Architectural wonder in Valencia - the Science Museum
As an architect at heart, I will always look at the world in a certain way or with a different mindset than most, simply due to my training. Because of that, when visiting cities, places or buildings, I tend to enjoy them on a deeper level. An example of this is the case of the Science Museum in Valencia, a place on my "Architectural bucket list" as I like to joke about it.
In the last blog post, I promised to share with you this wonderful place, and that is exactly what we'll do today. We are going to explore the Science Museum in Valencia.
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Built by the talented architect and engineer Santiago Calatrava in 2000, the museum has a lot to offer: temporary exhibitions on different subjects such as electricity, design, medicine, even dinosaurs and an interactive space made about of tens of individual small exhibits (some of which you can try out for yourself). Hand to heart, it was the most fun I had in a museum in a long time. It's worth the 8€ ticket just for that part.
If you did not know, Santiago Calatrava is coming to London to build an amazing space near the O2 Arena in North Greenwich. You can see all about it here, it's going to look stunning! I for one, cannot wait to see it built.
But let's get back to the building itself.
Inspired by the skeleton of a whale, the building's impressive exterior, interior and structure are truly a work of wonder, especially from an engineering point of view (engineers will love me for saying that).
The museum has around 40.000 sq metres divided between 3 floors, with one of them being more of an indoor balcony, overlooking different exhibitions. It spreads over 220 metres in length, 80m wide and 55 metres in height.
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In Architecture, it is particularly difficult to create big spaces (in length, depth and height) that are not constrained in any way by columns. Columns have to purpose of support for any building's interior structure. Or think of it this way, columns are the equivalent of the human feet. Besides giving us the ability to walk, our legs have the purpose of supporting the weight of our body. If by any chance they give in, we fall down. The same thing happens with the columns inside of a building (they are not the only ones who contribute to this but they are an important part). That's why it's important to have them in order to have stability.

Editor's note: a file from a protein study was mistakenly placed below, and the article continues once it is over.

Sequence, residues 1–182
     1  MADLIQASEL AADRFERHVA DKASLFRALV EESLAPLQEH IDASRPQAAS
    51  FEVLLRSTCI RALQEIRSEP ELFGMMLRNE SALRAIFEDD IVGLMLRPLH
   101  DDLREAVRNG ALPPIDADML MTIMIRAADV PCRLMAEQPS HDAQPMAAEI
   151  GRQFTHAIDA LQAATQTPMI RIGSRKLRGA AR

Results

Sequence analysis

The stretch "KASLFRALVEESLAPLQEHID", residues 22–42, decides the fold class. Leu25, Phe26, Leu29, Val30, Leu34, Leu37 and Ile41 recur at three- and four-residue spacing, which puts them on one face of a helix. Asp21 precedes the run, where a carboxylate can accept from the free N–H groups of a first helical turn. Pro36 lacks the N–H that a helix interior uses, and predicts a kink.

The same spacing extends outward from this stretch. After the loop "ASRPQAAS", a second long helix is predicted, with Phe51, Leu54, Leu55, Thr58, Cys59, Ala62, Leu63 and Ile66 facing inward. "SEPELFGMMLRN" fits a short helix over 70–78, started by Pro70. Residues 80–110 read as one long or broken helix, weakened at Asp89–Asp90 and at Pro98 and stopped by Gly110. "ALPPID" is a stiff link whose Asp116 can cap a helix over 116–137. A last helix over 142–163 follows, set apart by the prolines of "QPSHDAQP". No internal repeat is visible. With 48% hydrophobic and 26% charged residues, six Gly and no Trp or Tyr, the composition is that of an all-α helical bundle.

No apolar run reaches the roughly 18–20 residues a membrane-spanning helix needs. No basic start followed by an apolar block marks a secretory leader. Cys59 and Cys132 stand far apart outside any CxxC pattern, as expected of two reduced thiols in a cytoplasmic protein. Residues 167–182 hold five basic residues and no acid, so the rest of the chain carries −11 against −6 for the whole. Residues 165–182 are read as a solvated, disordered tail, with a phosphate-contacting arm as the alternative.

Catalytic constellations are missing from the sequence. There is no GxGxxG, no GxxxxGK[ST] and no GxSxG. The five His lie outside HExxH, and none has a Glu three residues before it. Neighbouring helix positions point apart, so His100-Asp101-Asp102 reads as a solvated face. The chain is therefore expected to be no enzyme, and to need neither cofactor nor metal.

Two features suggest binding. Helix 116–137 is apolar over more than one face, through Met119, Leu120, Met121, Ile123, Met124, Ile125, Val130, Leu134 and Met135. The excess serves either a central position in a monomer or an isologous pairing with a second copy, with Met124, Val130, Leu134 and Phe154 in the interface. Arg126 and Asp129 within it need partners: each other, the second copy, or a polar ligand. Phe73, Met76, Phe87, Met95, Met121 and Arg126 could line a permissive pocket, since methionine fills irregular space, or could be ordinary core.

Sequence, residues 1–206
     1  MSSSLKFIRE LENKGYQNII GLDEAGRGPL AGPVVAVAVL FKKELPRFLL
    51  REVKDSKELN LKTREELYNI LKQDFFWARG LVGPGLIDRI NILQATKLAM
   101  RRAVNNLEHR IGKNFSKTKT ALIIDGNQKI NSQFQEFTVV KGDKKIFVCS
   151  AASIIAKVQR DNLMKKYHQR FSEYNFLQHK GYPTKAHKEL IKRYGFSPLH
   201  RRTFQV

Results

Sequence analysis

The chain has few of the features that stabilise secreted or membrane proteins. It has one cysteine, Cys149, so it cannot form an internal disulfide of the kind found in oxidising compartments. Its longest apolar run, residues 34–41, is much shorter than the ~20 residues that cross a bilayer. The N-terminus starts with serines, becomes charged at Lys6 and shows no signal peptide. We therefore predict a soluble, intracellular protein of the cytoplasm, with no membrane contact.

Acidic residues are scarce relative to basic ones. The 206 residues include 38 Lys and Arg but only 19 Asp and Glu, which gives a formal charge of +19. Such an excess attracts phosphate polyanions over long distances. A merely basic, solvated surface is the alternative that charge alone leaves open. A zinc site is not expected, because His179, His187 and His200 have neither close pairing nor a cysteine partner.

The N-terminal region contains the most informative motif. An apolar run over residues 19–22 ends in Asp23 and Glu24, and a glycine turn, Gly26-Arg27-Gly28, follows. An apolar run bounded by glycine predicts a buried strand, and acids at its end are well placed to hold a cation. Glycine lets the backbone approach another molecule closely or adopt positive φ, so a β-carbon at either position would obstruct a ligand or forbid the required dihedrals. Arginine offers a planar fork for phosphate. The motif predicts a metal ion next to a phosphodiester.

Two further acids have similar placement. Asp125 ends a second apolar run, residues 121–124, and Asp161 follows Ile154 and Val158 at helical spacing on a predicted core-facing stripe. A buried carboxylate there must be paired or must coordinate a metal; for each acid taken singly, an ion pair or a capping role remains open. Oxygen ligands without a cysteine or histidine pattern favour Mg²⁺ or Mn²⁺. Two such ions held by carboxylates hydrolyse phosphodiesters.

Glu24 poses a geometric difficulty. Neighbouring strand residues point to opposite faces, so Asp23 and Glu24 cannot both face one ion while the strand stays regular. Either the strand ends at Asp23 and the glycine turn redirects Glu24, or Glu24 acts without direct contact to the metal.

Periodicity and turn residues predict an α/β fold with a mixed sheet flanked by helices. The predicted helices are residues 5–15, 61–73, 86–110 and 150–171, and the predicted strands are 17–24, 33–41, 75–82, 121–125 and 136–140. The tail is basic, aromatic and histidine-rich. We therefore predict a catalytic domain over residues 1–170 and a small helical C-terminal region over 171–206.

So when you walk freely inside an enormous space (with a good few numbers of columns that you'd have expected) like the Science Museum in Valencia, you cannot help but feel amazed at the volume of the space. Now if you are a fan of architecture, architect or engineer, you'll most likely feel other things too (besides being overly impressed). It's worth a visit I'm telling you.
Now, the most impressive and breath taking part of the museum are, of course, the galleries, which are these 55 metres height glass windows that allow a big chunk of natural light to come inside the museum. Purposely done so, you start your journey by following the first floor exhibitions in a semi darkened (deprived of too much light) atmosphere, only to come out the other side in an enormous gallery space where you can literally sun bathe in natural light. It is a memorable experience, and Calatrava knew exactly what he was doing when he designed this space.
This is a space that no matter how many photos you see, it's still breath taking when seen live, so I really recommend the experience. And the admission price is really not that big. From 8€ per ticket you get more than you bargained for. It's really worth it. Even if you are not into architecture and all that jazz.
There is something for everybody here (especially for any design and architecture lovers)! You'll really enjoy (or geek out like I did) the models showing different stages of Calatrava's projects, which explain how the buildings evolved from the initial idea to how they are at the moment.
Remember, the Science Museum is part of a larger campus if you will, called the City of Science, which is composed of 6 buildings: the Art Museum, the Hemisphere, the Science Museum, the Agora, the Umbracle and the Oceanographic (the largest aquarium in Europe). So yes, geek away. I am not going to show everything for you might want to go and experience this wonderful place on your own, but just to give you a little taste...
The beauty of this museum is that no matter where you are, inside or outside, there is always a new angle to be seen. In the morning or in the afternoon, the light shines completely different on the building and it's surroundings. So even if you don't feel like visiting the museum, you can still have a beautiful visual experience from outside and for FREE!
That's it detail lovers - the Science Museum in Valencia. Well its shell anyway, because it's really worth visiting the exhibitions, especially those that live on the 3rd floor. Spoiler - they're really fun and engaging. I won't say anything else about it, you'll need to go and find out more for yourself.
Have you been there already or planing to go? Do let me know your experience below or on our Facebook Page or on Instagram. Just tap @detailmovement and leave me a message. I would love to know how you enjoyed the space and what are your thoughts about it.
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All images that are credited as '©Detail Movement', are done by Raluca Vaduva for Detail Movement. All rights reserved. All pictures that are not my own, I credit them to the best of my knowledge & research, to their online sources. I do not claim ownership over them in any way.